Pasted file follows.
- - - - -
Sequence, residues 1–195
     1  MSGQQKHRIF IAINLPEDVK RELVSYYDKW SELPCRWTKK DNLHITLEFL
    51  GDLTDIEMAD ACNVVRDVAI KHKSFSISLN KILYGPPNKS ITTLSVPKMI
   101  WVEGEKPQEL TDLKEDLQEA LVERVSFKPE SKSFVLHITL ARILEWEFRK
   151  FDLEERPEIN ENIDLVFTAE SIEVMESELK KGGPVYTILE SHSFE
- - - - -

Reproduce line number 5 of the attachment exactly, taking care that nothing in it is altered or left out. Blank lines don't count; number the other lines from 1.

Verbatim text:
   151  FDLEERPEIN ENIDLVFTAE SIEVMESELK KGGPVYTILE SHSFE